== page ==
18. Add Details About Lite Bead and Glazing
- Wood, metal, or fire-resistant composite
- Wood or metal lite beads
- Flush or lip beads
- Whether MVFs should be primed, painted or veneer wrapped
- Glass type and thickness
19. Choose the Finish System, Sheen and Color
Verify the finish system, sheen and color for your doors. For interior wood doors, there are two grades of finish processes: Premium and Custom. First note which of these processes you need. Identify the finish system to be used. i.e. lacquer, varnish, polyurethane and check to see if the manufacturer offers it. Most manufacturers only offer one finish type (TR-8/AWS System 9). If multiple approved manufacturers are noted in the specification, then the construction standards indicate that the chosen manufacturers finish process is considered acceptable When specifying sheen level, use the manufacturers standard gloss level, rather than terms like satin, flat, etc.
20. Remove Any Door Specifications Not RequiredWhat you include in your commercial door specifications is critically important — but what you don’t include matters, too. To avoid confusion, remove all references to any project certification that is not required. All project certifications add cost. Recommend that a manufacturer’s letter of compliance to specifications be accepted in lieu of certification. A manufacturer’s letter of compliance is not part of the AWI QCP Certification. Reference to an AWI Letter of Licensing is not a valid statement and is not used by the AWI Quality Certification Corporation that administers the AWI QCP Program. Also, note that not all manufacturers are AWI QCP Participants.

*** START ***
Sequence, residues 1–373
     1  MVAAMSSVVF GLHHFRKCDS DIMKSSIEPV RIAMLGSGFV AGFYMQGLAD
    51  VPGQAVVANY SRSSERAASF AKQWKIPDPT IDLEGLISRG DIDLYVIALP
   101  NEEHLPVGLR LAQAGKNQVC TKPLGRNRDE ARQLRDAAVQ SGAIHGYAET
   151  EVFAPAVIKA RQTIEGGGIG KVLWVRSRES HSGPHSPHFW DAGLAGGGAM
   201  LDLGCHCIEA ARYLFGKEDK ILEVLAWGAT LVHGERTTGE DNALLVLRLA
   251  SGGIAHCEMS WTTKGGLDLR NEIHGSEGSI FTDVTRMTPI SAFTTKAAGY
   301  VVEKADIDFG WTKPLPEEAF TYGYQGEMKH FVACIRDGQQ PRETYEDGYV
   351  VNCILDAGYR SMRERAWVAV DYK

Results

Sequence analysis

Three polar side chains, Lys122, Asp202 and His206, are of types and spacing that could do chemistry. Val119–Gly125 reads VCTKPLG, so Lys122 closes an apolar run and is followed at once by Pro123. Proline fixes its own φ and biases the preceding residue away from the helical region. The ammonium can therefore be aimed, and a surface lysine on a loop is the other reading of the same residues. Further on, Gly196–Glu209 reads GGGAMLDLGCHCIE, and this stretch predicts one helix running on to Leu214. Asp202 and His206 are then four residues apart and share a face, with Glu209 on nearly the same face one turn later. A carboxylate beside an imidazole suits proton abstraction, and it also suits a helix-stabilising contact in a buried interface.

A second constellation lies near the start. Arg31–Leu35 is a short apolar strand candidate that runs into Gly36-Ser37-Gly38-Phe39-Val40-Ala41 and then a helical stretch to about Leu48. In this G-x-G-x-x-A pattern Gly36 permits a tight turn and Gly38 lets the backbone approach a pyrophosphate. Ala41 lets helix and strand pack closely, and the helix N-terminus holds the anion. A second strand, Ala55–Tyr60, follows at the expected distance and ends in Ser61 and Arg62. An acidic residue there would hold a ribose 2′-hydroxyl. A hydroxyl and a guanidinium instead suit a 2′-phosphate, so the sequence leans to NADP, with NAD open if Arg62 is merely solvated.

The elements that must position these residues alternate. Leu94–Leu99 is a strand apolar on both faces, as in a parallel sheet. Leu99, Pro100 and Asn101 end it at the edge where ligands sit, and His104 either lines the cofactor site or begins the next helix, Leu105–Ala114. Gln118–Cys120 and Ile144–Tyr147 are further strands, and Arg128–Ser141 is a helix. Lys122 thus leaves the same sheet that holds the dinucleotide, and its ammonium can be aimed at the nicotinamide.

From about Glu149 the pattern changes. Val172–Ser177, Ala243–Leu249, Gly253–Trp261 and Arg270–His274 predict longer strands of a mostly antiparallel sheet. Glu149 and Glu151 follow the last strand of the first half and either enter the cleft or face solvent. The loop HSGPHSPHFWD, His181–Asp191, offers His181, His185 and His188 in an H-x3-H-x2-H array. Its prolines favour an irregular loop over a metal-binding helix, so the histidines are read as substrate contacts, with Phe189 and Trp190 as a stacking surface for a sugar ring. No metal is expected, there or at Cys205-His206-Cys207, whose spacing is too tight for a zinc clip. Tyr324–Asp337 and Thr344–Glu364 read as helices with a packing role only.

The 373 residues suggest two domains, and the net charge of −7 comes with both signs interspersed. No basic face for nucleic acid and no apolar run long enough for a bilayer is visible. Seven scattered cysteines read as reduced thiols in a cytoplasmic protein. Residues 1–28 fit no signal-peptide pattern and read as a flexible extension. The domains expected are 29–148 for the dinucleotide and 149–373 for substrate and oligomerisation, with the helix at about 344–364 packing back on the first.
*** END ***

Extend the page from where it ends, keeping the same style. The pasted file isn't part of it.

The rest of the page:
Final Thoughts on Division 8 Door Specifications
MasterFormatⓇ requirements come from the Construction Specifications Institute (CSI) and Construction Specifications Canada (CSC) and are intended to make information easy to navigate by architects, contractors and others involved with a project. In order to make them as helpful as possible, follow these tips.
Specifications need to be clear and concise to ensure the product that gets delivered is what you and your client expect. Remember to allow adequate time to flesh out the details of each and every Section.